Tennyson: Poet, Philosopher, Idealist: Studies of the Life, Work, and Teaching of the Poet Laureate
K. Paul, Trench, Trübner & Company, Limited, 1893 - 370 páginas
This 1893 volume offers a collection of essays on Tennyson's life and works.
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Página 52 - For woman is not undevelopt man, But diverse : could we make her as the man, Sweet Love were slain : his dearest bond is this, Not like to like, but like in difference. Yet in the long years liker must they grow ; The man be more of woman, she of man ; He gain in sweetness and in moral height, Nor lose the wrestling thews that throw the world ; She mental breadth, nor fail in childward care, Nor lose the childlike in the larger mind ; Till at the last she set herself to man, Like perfect music unto...
Página 241 - There has fallen a splendid tear From the passion-flower at the gate. She is coming, my dove, my dear; She is coming, my life, my fate; The red rose cries, 'She is near, she is near;' And the white rose weeps, 'She is late;' The larkspur listens, 'I hear, I hear;' And the lily whispers, 'I wait.
Página 195 - And the stately Spanish men to their flagship bore him then, Where they laid him by the mast, old Sir Richard caught at last, And they praised him to his face with their courtly foreign grace; But he rose upon their decks, and he cried: "I have fought for Queen and Faith like a valiant man and true; I have only done my duty as a man is bound to do. With a joyful spirit I Sir Richard Grenville die!
Página 127 - Ring in the valiant man and free, The larger heart, the kindlier hand; Ring out the darkness of the land, Ring in the Christ that is to be.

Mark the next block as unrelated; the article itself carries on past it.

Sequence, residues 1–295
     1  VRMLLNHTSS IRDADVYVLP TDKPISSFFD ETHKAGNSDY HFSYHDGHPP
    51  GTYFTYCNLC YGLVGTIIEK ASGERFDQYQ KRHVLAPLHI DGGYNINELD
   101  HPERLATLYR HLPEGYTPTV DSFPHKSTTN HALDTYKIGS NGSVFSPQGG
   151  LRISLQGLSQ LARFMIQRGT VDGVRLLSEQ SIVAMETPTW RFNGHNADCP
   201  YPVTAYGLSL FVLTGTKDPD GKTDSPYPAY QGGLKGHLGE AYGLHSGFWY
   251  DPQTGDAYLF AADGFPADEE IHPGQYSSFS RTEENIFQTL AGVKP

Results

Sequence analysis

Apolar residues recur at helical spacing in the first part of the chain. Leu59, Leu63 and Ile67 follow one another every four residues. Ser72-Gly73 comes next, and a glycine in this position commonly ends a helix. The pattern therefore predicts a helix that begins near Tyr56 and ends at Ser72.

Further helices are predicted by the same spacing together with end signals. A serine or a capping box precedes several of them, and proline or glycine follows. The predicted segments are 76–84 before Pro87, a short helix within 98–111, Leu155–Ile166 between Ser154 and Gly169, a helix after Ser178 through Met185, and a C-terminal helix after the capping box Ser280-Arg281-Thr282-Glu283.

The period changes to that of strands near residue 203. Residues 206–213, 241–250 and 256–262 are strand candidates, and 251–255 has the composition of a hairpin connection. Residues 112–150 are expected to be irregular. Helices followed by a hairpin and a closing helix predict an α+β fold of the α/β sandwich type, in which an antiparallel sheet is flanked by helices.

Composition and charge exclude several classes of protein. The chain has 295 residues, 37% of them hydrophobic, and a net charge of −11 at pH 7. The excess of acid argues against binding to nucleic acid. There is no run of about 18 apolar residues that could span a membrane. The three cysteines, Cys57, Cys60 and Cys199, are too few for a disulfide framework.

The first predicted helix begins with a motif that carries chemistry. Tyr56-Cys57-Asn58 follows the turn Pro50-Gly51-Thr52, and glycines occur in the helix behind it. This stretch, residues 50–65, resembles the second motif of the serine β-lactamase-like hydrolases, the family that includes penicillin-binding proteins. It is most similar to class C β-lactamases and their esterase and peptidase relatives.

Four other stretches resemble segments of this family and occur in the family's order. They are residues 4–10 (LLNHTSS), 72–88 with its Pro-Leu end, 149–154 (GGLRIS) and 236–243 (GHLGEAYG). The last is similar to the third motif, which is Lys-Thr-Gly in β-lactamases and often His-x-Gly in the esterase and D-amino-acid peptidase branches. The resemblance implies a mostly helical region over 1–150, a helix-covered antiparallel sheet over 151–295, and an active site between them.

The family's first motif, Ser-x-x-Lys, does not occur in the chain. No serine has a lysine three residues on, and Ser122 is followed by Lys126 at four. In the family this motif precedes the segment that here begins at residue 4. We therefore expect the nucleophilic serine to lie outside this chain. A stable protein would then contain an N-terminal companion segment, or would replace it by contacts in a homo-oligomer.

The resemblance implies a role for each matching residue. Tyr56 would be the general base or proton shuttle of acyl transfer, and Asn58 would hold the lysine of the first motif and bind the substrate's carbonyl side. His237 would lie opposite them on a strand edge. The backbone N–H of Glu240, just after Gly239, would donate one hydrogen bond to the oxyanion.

Página 36 - Breathing like one that hath a weary dream. Full-faced above the valley stood the moon; And like a downward smoke, the slender stream Along the cliff to fall and pause and fall did seem. A land of streams! some, like a downward smoke, Slow-dropping veils of thinnest lawn, did go; And some thro' wavering lights and shadows broke, Rolling a slumbrous sheet of foam below.
Página 103 - Oh yet we trust that somehow good Will be the final goal of ill, To pangs of nature, sins of will, Defects of doubt, and taints of blood ; That nothing walks with aimless feet ; That not one life shall be destroyed, Or cast as rubbish to the void, When God hath made the pile complete...
Página 89 - There shall never be one lost good! What was, shall live as before; The evil is null, is naught, is silence implying sound; What was good, shall be good, with, for evil, so much good more; On the earth the broken arcs; in the heaven, a perfect round.
Página 108 - Thou seemest human and divine, The highest, holiest manhood, thou : Our wills are ours, we know not how; Our wills are ours, to make them thine.
Página 250 - THERE rolls the deep where grew the tree. O earth, what changes hast thou seen ! There where the long street roars, hath been The stillness of the central sea. The hills are shadows, and they flow From form to form, and nothing stands ; They melt like mist, the solid lands, Like clouds they shape themselves and go.